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December 24, 2011
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Simply, in the english language if the word ends in a "t" then in the preterit of that word the "ed" must be pronounced, just as in the word "tested".
There's certainly a case to be made for "myself" as an appositive in that example, but I think it's a weak one. It is, I believe, a superfluous modifier - if I fixed the car, after all, it could have been no one else, and so there's no reason to point out that it was "myself" - it's tautological. We should resolve to make sure we avoid superfluity and redundancy in our speech. *grin*
As an adverb, however, it describes how the fixing of the car was done, i.e. with no help from anyone else.
A reflexive is usually used as an object pronoun, when the subject is performing an action, and the object of that action is the subject. For example:
I cut someone with a kitchen knife.The person I cut was me.I cut myself.
Another option is as an adverb, when the speaker does something that he or she would normally have someone else do.
I fixed my car myself (rather than have a mechanic do it).
In the OP's original example sentence, there are three reasons why the reflexive is incorrect:
"Serious gardeners like my wife and me/myself always use organic fertilizer."
The first is that you're using an object pronoun where you should be using a subject - "My wife and I" - which makes the whole reflexives point moot. A reflexive can only be used as an object pronoun or as an adverb, not as a subject.
The second is that the speaker is not the object of the verb "use" - therefore, the reflexive object pronoun is unnecessary.
Third is that there's no implication that the speaker and his wife are doing something that a serious gardener would normally have someone else do, i.e. fertilize their garden. Therefore the reflexive adverb is unnecessary. What's more, there's no verb that "myself" could modify in this sentence.
To sum up, never use a reflexive as a subject, and never use a reflexive as an object if someone other than the speaker is performing the action. I used to have a boss (in an ESL school, no less) who would write memos that read, "Please return this form to the secretary or myself...." and I'd have to go sit in a dark room for a few hours with a cold compress. *smile*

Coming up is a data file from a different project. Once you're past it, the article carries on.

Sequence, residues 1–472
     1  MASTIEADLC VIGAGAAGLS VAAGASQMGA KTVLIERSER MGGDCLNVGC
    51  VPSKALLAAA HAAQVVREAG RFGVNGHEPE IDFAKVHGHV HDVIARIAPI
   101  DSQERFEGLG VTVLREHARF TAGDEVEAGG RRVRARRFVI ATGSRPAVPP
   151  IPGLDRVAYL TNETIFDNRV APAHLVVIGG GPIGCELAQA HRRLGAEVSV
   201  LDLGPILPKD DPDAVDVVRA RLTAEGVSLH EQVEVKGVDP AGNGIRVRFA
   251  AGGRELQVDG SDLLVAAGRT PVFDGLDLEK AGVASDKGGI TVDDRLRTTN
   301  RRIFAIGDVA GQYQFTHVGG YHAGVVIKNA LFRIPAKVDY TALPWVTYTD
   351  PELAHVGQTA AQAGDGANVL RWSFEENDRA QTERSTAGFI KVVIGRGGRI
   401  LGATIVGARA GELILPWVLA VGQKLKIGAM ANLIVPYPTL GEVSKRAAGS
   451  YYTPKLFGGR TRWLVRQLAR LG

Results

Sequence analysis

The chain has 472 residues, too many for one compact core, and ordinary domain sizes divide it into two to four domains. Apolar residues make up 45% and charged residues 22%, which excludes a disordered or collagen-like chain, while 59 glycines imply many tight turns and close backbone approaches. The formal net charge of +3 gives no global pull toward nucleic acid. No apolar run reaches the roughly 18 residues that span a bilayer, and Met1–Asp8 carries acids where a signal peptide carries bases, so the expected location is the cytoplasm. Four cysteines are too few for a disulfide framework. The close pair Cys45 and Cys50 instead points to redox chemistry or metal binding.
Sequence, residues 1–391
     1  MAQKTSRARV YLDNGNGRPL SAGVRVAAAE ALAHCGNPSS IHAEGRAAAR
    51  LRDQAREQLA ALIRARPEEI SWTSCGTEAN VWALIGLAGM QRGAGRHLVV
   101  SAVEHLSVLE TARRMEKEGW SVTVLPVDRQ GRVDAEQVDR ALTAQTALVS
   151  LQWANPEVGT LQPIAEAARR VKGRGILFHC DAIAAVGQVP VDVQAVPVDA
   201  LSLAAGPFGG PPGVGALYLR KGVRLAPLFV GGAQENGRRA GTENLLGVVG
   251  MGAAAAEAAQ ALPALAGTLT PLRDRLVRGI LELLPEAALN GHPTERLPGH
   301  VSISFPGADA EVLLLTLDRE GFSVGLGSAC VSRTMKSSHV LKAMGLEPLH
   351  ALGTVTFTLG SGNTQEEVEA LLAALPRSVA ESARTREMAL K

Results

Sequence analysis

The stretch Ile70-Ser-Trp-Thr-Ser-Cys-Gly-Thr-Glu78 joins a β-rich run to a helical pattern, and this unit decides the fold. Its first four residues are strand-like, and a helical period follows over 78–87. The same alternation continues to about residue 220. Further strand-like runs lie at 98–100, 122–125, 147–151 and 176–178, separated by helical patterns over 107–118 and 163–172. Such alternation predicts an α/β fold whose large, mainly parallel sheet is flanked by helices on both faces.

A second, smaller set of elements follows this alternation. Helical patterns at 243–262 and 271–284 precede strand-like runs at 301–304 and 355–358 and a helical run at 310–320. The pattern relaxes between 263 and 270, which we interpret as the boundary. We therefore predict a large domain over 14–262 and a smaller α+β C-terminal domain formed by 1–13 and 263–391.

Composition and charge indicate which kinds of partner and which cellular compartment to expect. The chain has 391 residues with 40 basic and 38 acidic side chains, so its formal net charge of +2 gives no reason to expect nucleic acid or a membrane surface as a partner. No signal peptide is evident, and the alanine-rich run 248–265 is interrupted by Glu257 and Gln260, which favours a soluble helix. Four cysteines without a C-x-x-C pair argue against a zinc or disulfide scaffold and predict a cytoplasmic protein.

The term "insurances" is used within the insurance industry to mean "lines of insurance" or "types of insurance". The pluralized term is specialized industry jargon, which should not be used in general parlance.
The same applies for "damages": the term refers to monetary compensation ordered by a court of law. In general terms, when speaking of things being wrecked, the term "damage" (an uncountable noun) should be used.
2010 will be the year when we can once again start using the abbreviated paradigm we've used for hundreds of years (eighteen whatever, nineteen whatever). 2001-2009 are unwieldy when saying "twenty whatever", but for 2010-2099 it will be easy to say this.
I'm currently dating a guy that always uses the phrase "on tomorrow," and only minutes ago, I received an e-mail from a colleague that used it as well. So, I decided to Google it for clarification. The guy I'm seeing is from Georgia, and I am too; different parts, my colleague is from Texas (where we all currently reside). I too thought it was a slip-up when I first heard it, but it has become repetitious.
Im from both the South and New England. I was taught to pronounce Aunt like 'Ahnt'. Most people I have discussed this with dissagree and think it should be pronounced as 'Ant'. I don't know about your Aunt, but mine only had 2 legs. Also I have never heard of the 'silent u'. I think people learned to pronounce it as 'ant' because they didn't know how pronounce it with the short 'a' sound as in 'anht'. Accents are part of our culture, but they don't make it right. There is a right way to pronounce it, but I don't know what it is.
I have an additional question in regards to the correspondence question, the phrase "Please find attached a correspondence from Mr. Smith." vs. "Please find attached correspondence from Mr. Smith". In the sense that correspondence is both a singular and plural noun, would the use of "a" be justified in distinguishing the singular correspondence from two or more correspondence? Would this also apply to the phrase "I bought a fish from the store" to distinguish from buying more than one fish?
I too think it's silly of the BBC to abbreviate AIDS as Aids and NASA as Nasa. Maybe I should call them the Bbc instead of the BBC.
Yes, most of the time nouns, when serving as adjectives, are singular.
There are exceptions, though: "munitions dump", "operations research" and "weapons malfunction" are but a few. Many of these exceptions have a military origin.
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